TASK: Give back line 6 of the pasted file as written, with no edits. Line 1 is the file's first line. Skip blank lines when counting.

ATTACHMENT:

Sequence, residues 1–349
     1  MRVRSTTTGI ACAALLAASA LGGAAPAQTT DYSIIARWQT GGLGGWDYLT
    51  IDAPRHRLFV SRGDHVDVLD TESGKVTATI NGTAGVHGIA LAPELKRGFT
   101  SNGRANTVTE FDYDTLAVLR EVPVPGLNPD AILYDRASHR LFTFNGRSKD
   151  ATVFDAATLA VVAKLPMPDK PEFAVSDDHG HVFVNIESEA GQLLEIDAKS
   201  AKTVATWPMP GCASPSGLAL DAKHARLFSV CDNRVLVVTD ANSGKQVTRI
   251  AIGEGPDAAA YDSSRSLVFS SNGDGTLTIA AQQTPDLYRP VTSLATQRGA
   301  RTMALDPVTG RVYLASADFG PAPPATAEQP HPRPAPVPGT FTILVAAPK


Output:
   201  AKTVATWPMP GCASPSGLAL DAKHARLFSV CDNRVLVVTD ANSGKQVTRI